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No one can doubt that the Bible has exerted a tremendous influence on Western civilisation since the dawn of Christianity. But few of us have considered the precise nature of that influence in particular historical contexts. In this book, David Kling traces the fascinating story of how specific biblical texts have at different times emerged to be the inspiration of movements and collective responses that have changed the course of history. Each of the seminal texts Kling considers has been understood very differently (and perhaps more correctly) at different times in history. Each of the historical episodes he examines — from the rise of the Papacy to the emergence of pentecostalism — is evident of the dynamic interplay between scripture and the social and cultural context in which it is interpreted. Kling’s innovative study of this process sheds important new light on the ways in which sacred texts continue to shape our history as well as our lives. ~ Product Description

The Case for Easter

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Strobel, a former journalist for the Chicago Tribune, affirms that Christ really did die on the cross, and not just faint from exhaustion; that he experienced a bodily, and not just a spiritual, resurrection; and that he was seen alive after his death. In journalistic style, he interviews several experts like Gary Habermas, corrects inaccuracies (the nails would have been driven through Jesus’ wrists, we learn, and not his palms) and tells stories. But at its heart, this is an editorial rather than a journalistic account, as Strobel most definitely has an opinion and wants readers to share his own pilgrimage from doubt to rock-solid faith. ~ Publishers Weekly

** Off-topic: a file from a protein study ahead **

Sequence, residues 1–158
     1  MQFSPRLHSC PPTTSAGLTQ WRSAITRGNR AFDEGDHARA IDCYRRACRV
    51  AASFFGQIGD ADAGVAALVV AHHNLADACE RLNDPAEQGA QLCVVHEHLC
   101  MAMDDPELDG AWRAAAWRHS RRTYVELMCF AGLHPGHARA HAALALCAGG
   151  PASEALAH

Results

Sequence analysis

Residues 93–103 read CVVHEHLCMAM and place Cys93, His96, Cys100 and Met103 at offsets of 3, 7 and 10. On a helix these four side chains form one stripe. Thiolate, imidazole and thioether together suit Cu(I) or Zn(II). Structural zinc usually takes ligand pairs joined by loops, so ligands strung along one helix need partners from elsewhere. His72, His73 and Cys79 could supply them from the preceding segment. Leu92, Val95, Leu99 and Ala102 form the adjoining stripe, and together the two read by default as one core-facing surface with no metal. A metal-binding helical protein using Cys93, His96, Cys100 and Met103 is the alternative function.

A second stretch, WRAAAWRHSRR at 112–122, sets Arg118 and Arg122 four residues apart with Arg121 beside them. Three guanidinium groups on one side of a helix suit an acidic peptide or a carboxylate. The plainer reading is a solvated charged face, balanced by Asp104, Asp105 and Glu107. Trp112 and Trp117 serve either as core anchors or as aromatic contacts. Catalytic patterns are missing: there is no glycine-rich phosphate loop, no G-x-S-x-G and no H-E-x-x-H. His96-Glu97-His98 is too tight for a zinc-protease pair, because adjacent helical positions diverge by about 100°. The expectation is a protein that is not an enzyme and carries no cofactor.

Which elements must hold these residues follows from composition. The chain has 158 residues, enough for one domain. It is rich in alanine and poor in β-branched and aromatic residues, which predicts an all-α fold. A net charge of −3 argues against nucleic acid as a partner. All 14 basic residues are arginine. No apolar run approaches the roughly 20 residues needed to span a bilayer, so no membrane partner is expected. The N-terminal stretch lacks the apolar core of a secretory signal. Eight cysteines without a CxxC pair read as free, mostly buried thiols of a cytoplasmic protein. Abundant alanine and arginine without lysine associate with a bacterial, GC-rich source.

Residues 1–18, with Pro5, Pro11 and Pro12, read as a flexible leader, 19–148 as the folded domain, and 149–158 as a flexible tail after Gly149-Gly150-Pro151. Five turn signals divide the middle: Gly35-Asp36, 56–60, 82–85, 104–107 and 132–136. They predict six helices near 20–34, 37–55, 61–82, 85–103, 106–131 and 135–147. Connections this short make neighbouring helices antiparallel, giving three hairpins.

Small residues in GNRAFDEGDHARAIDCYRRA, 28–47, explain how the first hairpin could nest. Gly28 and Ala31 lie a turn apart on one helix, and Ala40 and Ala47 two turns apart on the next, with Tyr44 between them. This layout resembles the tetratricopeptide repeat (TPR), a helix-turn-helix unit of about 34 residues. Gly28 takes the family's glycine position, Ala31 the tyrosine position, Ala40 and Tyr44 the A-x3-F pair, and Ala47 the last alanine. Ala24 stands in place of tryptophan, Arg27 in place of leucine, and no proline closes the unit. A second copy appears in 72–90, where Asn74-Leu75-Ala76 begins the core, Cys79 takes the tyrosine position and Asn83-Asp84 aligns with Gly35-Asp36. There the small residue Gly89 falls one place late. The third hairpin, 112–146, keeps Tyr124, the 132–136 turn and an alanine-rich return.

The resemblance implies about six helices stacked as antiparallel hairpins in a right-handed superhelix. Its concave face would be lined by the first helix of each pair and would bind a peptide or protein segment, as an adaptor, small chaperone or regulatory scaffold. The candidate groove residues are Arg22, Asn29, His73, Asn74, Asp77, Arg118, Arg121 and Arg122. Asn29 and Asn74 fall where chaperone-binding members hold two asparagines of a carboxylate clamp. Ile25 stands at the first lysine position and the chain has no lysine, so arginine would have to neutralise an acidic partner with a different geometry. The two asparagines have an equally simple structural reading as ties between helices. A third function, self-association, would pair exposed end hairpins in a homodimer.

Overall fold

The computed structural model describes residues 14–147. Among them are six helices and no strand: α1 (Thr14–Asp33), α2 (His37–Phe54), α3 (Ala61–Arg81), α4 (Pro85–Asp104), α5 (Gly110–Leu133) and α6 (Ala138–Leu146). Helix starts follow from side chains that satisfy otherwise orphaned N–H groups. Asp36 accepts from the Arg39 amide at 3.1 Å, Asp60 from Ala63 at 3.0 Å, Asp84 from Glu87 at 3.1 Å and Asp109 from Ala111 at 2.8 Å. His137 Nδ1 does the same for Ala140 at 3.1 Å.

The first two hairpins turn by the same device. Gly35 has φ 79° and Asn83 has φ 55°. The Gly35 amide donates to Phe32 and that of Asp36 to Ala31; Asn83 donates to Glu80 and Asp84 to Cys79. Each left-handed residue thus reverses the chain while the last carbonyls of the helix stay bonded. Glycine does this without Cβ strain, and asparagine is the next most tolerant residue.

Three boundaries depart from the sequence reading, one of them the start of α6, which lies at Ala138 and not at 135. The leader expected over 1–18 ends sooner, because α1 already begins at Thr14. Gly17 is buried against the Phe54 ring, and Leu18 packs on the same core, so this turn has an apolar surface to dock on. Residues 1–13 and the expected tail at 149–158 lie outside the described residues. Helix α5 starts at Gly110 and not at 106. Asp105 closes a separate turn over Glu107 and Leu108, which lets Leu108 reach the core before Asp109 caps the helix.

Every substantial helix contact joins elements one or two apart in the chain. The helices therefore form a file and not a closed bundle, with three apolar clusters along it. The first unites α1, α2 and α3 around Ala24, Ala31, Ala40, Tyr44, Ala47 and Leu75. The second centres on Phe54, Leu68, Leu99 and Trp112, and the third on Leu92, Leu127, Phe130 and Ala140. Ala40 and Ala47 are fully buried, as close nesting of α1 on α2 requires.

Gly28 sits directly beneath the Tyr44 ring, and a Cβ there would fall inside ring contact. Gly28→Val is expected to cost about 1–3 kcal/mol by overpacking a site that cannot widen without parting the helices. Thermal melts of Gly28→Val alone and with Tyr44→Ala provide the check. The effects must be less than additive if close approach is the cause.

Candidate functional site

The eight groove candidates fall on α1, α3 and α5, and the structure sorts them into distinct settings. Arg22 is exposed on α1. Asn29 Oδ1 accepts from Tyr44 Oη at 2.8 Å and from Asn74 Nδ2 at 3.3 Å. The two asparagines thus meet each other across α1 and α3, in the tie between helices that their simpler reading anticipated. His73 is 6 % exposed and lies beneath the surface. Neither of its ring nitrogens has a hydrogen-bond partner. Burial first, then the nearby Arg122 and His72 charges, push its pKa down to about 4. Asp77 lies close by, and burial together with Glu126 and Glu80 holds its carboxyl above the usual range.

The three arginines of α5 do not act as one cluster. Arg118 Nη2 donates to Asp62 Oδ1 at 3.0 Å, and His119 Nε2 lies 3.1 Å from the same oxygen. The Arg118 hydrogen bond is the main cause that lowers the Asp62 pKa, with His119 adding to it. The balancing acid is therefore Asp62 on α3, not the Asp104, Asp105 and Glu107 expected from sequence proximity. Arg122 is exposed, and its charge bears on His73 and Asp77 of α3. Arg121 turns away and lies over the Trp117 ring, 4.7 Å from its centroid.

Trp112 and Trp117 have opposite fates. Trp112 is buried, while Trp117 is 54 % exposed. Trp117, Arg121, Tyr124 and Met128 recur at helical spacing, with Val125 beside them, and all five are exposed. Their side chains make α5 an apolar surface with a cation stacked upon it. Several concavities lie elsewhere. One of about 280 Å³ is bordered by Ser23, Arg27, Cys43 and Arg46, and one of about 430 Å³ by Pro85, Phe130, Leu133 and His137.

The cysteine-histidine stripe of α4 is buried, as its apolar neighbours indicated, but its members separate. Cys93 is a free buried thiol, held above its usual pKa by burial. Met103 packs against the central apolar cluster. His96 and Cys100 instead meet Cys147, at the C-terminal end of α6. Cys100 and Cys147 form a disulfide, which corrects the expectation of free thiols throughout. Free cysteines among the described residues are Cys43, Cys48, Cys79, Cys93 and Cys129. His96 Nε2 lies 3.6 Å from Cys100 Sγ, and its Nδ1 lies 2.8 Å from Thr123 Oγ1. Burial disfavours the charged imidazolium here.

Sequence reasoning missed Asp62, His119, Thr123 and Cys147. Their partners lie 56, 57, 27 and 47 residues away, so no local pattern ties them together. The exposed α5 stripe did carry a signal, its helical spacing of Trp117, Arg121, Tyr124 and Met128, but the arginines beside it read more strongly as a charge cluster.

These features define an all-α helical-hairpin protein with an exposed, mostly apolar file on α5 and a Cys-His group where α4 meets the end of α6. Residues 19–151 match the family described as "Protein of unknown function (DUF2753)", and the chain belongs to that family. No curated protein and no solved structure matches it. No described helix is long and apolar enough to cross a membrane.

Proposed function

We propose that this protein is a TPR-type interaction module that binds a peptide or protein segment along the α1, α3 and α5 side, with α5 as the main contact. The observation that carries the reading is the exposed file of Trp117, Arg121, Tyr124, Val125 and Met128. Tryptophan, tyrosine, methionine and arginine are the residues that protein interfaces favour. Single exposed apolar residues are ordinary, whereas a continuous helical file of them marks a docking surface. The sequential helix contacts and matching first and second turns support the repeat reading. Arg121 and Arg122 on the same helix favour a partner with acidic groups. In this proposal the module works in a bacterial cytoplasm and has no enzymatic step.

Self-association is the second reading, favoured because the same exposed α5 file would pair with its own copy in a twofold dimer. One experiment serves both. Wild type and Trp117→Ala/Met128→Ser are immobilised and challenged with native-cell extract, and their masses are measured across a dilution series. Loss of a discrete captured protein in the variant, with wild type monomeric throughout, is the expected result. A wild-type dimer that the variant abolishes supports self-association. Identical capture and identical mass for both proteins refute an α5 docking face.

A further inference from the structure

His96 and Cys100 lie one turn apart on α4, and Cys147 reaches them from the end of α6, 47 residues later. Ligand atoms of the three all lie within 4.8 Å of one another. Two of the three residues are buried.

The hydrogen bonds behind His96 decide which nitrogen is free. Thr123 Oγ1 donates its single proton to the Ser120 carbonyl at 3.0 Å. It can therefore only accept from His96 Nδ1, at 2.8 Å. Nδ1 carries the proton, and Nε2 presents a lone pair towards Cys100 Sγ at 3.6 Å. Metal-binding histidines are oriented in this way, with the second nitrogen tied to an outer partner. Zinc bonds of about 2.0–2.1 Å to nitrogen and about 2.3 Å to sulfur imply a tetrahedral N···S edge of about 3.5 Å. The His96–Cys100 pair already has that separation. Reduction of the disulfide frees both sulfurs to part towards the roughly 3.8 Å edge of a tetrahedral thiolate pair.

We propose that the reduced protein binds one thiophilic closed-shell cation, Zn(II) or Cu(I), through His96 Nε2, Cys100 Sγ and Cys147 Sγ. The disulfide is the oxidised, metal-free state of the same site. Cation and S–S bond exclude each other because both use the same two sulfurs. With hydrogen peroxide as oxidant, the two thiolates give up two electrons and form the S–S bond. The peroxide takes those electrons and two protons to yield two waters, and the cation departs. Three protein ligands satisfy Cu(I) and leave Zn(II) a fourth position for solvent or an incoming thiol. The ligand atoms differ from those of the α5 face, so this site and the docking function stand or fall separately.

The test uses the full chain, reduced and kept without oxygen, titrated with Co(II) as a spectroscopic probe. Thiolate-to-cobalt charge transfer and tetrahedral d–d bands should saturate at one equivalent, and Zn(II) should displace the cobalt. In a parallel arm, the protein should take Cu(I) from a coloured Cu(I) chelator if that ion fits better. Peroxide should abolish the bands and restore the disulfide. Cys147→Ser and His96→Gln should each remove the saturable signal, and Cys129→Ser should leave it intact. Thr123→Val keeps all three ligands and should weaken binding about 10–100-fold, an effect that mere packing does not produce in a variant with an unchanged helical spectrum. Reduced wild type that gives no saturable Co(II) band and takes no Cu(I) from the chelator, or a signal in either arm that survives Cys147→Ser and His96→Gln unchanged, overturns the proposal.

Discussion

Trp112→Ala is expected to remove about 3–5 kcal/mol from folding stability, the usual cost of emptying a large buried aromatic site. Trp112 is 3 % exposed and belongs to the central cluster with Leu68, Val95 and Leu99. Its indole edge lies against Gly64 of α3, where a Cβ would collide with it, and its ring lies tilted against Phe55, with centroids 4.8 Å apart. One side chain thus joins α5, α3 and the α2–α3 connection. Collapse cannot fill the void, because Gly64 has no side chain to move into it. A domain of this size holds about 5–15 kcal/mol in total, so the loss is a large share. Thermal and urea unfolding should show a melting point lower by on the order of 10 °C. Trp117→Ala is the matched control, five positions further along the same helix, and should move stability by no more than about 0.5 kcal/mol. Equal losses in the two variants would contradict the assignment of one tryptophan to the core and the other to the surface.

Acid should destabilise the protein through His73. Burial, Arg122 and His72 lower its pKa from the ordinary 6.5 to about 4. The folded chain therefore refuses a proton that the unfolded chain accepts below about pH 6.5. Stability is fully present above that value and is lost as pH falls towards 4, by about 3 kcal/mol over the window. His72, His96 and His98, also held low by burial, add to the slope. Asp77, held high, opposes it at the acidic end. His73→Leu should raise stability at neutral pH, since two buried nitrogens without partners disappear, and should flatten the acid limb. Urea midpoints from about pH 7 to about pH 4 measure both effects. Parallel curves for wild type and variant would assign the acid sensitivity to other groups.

Why I Am a Christian

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In a time when many Christian authors recommend the claims of Christian faith by descriptions of faith encounters and invitations to “dance with the mystery,” Stott, author of many foundational apologetic works, offers a clear and compelling account of the theological basis for his own belief. He begins by explaining the sense of God’s own pursuit of him, providing illustrations from the lives of famous Christians with similar experiences. He continues with a logical examination of the claims and character of Jesus as seen in Scripture. The last section discusses the nature and needs of human beings, explaining how those needs are fully met through the life, death and resurrection of Jesus. The book concludes with a simple invitation for the reader to respond to the claims of Christ personally, offering a sample prayer. For some readers, the book will seem overly structured, since Stott frequently reviews the logical points of each section. For those accustomed to arguments conducted by way of emotive stories, his reliance on logic may feel a bit dry. But readers of a more analytical temperament will find a compelling discussion of the claims of Christ in a remarkably readable, brief form. It’s the sort of book that Christians who need a more reasoned, thoughtful approach to their faith will read and then pass along to skeptical friends. ~ Publishers Weekly

That’s Just Your Interpretation

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In our relativistic society, Christians more than ever are bombarded by tough questions about their faith. Author Paul Copan has observed that many of these questions emerge as "anti-truth claims" that are part of today’s skeptical mind-set. Christians defending their faith often hear slogans and questions such as: It’s all relative; Everything is one with the Divine, all else is illusion; The Gospels contradict each other; Why would a good God create hell? This book provides incisive answers to slogans related to truth and reality; theism, pantheism/Eastern religion, and naturalism; and doctrinal issues such as the incarnation and truth of Scripture. Each of the twenty-two chapters provides succinct answers and summary points for countering the arguments. Copan’s book is accessible for all Christians who want to defend the plausibility of Christianity in the marketplace of ideas. It also includes helpful summary sections, additional resources, and additional documentation in the endnotes for review and discussion.